Bangkok, Thailand Report of what it's like to live there - 08/06/19
Personal Experiences from Bangkok, Thailand
1. Was this post your first expatriate experience? If not, what other cities have you lived in as an expat?
This is our fourth post. We've also lived in Athens, Berlin, and Copenhagen.
2. What is your home city/country? How long is the trip to post from there, with what connections? How easy/difficult is it to travel to this city/country?
Northern Virginia, USA. We fly in and out of Washington/Dulles, VA. It is a 13/14 hour flight from Dulles to Seoul, South Korea and then another 6 hour flight to Bangkok. We live in the Northwest suburbs in Nichada so there is an additional 45+ min. drive from the main airport.
3. How long have you lived here?
This is our third year.
4. What brought you to this city (e.g. diplomatic mission, business, NGO, military, teaching, retirement, etc.)?
Housing, Groceries & Food:
1. What is your housing like? What are typical housing sizes, locations, and commute times for expatriates?
We are in the suburbs of Bangkok in Nichada. Embassy housing is undergoing some changes this year. When we came in, we were appointed a single-family detached home with a yard. This year, they've changed the requirements and are putting families with only one child in apartments within the gated community. Families with two children are being placed in two neighborhoods with slightly smaller homes. The living space is still much more than at many posts but I think it's important for people to know this as they come in, as it may determine whether they want to live this far out.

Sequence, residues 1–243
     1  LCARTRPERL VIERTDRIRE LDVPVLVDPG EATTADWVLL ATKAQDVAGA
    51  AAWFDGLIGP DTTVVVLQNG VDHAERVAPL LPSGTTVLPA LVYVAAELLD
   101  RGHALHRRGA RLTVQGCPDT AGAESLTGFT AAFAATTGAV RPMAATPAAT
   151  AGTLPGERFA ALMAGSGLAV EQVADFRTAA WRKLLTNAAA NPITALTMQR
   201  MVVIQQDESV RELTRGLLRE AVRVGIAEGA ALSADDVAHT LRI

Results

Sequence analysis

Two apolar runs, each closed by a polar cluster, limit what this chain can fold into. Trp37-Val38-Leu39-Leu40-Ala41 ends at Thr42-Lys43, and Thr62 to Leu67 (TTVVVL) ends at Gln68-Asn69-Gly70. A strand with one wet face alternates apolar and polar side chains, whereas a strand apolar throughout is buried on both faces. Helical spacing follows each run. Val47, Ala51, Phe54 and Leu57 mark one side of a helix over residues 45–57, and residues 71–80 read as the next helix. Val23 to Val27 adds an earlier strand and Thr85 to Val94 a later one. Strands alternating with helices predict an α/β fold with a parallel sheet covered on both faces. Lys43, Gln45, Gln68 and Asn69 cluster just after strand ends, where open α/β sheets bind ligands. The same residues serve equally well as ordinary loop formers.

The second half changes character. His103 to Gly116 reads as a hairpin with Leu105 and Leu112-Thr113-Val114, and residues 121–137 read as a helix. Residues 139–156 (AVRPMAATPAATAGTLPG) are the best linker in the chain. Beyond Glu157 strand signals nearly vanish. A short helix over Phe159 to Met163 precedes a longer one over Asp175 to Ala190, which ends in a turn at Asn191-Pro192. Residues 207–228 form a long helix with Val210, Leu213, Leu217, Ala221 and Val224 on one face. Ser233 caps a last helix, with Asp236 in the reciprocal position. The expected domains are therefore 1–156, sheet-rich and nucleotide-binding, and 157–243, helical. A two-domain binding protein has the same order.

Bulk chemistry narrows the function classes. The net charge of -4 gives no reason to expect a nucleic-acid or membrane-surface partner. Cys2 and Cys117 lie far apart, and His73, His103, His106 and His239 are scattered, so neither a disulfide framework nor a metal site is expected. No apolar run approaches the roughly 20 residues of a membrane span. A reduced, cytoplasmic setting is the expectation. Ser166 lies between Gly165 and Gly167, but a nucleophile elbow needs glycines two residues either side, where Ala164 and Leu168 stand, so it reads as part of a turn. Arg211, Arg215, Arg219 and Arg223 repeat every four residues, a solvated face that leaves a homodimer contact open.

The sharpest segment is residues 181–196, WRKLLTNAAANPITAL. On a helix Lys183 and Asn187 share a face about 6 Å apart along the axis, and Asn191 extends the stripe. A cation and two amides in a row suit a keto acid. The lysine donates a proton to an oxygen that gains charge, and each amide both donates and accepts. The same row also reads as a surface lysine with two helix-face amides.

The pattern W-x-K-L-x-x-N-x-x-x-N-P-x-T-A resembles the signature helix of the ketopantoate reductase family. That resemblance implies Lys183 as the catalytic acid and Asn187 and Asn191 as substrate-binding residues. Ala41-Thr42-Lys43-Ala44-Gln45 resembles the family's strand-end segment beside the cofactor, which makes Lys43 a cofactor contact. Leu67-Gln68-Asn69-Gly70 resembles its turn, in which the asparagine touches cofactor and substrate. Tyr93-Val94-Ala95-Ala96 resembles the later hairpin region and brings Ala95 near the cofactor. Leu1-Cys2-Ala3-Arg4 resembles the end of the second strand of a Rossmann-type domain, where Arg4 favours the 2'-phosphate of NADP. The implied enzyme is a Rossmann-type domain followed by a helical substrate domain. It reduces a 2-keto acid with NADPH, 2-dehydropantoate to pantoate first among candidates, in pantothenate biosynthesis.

2. How would you describe the availability and cost of groceries and household supplies relative to your home country?
Everything is available here. Imported goods cost more than they would at home but you can pretty much get everything you want. Fruits and vegetables are much more cost-effective on the local economy. Buying from your local fruit and vegetable vendors is best in terms of price and freshness. Electronics and furniture are a bit expensive here and imported meats such as beef. All household goods are easy to find.
3. What household or grocery items do you wish you had shipped to post?
Cereal is expensive here. We use Walmart or Amazon to buy this since we have a DPO. I also ship paper towels but that's a personal preference. Shoes are difficult if you are looking for larger sizes. Even men's shoe sizes present here tend to be narrow in the foot box and hard to fit on American feet.